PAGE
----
Ponta de Sao Lourenco is ideal for a long hike. An eight-kilometer tour begins at the Baía d´ Abra viewpoint. After the strenuous ascent to the “Ponta”, the hiker is rewarded with a magnificent view. If you want to take a refreshing swim later, you can do so at Praia das Sardinhas.
5. Cable car to Monte
Teleférico do Funchal – this is the official name of the cable car that connects the capital with the panoramic mountain Monte. It was handed over to the determination in November 1960 and climbs 560 meters in a quarter of an hour. Eight hundred passengers per hour can be carried in 39 cabins. So there are hardly any waiting times.
If you want to see the botanical garden at a lofty height, you can use another cable car after a short walk. From there, visitors can also take a taxi or bus back to the valley. But first you should have a look at the pilgrimage church of Nossa Senhora. In the left aisle, Charles I, the last Austrian emperor, found rest for eternity in a coffin.
6. The “Cape of Repentance”
In the south of Madeira there is the highest cliff in Europe, Cabo Girao, which translates as “Cape of Reversal”. The rock has a height of 580 meters and the panorama from the viewing platform is spectacular there. The cliff is one of the island’s greatest attractions and is the starting point of the interesting Levada do Norte hike. The impressive rock is also an attraction for paragliders who have found their starting point there.
7. Sao Tiago Fortress
To protect against attacks by pirates, the Fortaleza Sao Tiago was built on Madeira in the 17th century. For a long time the fortress was used exclusively for military purposes. Today the Museum of Contemporary Art is housed here. Works by well-known Portuguese artists can be seen in the old walls of Fortaleza.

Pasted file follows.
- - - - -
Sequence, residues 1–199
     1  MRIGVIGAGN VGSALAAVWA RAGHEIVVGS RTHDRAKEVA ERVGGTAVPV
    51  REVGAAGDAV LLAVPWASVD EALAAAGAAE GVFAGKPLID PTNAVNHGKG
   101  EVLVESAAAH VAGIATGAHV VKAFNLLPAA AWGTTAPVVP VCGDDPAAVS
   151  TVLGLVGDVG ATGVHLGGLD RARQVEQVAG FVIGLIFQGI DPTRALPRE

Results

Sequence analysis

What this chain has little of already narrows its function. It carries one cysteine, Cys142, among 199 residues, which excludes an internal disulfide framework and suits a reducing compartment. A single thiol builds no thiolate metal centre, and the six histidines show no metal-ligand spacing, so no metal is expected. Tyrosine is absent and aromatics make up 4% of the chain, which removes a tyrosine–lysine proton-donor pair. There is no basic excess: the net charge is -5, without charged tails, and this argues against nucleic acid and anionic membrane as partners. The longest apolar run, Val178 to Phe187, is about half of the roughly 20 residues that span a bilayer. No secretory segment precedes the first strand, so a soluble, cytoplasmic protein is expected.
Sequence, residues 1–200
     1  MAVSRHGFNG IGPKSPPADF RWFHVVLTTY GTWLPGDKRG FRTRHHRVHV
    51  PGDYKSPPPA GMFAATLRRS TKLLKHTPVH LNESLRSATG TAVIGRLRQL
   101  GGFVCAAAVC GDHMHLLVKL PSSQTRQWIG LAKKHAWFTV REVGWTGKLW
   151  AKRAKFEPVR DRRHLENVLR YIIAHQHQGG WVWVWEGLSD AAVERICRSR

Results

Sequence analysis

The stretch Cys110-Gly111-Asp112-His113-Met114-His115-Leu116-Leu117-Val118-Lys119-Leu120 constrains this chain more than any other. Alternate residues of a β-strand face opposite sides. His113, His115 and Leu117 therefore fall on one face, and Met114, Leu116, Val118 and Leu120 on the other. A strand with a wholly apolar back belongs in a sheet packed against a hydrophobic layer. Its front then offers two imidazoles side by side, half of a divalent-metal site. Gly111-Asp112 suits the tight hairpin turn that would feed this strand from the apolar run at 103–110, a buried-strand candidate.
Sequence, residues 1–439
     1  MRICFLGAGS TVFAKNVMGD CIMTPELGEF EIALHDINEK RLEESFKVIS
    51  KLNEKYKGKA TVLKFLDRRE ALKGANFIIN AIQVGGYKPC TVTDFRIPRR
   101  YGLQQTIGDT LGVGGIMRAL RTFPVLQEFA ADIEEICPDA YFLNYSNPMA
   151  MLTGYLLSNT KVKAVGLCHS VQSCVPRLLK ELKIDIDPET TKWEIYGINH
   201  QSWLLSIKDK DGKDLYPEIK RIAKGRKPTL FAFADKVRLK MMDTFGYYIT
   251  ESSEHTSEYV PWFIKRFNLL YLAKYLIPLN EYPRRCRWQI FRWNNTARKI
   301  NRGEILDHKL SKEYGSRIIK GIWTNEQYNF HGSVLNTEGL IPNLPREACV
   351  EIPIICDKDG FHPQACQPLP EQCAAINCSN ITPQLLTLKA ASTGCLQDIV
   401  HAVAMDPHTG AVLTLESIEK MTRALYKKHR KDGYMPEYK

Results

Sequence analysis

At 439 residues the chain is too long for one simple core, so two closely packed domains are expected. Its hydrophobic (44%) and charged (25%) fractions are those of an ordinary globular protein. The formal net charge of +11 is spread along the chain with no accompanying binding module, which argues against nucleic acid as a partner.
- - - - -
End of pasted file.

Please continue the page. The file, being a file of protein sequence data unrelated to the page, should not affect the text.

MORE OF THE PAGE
The fortress in the harbor with its bright yellow walls is part of the historic old town. When visiting, you should have a look at the cistern in the courtyard, which was carved into the rock. The entire complex is a listed building.
8. Lava pools in Porto Moniz
If you want to swim safely in sea water, you should go to the lava pools of Porto Moniz. The basins were created by volcanic activity and erosion. They are permanently washed over by the waves of the Atlantic and are also suitable for a swim with children. They are open all year round and can be used free of charge.
Porto Moniz is a small place at the northwest end of Madeira. Until the eighties of the last century there was a harbor for whalers here. In addition to the lava pools, the fish restaurants in this region are particularly popular.
9. Funchal old town
The alleys and squares of the old town exude a very special charm. The Rua de Santa Maria was the nucleus of Madeira’s capital in the 15th century. In the past, this was a somewhat run-down area, but in recent times a number of restaurants and bars have established themselves here, which revamped the image of the old town.
The art project “The Art of open doors” is presented as an “open air gallery”. Numerous artists have painted the doors of the houses there. The Corpo Santo chapel is located in a small square. It dates from the 15th century and has a beautiful wooden ceiling.
10. The great cathedral
The Sé Catedral de Nossa Senhora da Assuncao is the religious center of the island. It was inaugurated as the bishop’s seat in 1517 and built with twelve different types of lava rock found on the island. Several historical exhibits from the cathedral are on display in the nearby Museum of Sacred Art. The altarpiece in the high chapel was commissioned by King Dom Manuel I. It is crowned by an impressive headliner.
The sights of the church include the beautiful wooden ceiling and the choir stalls, which are based on the Flemish style. In front of the cathedral is the statue of Pope John Paul II who visited Madeira in 1991.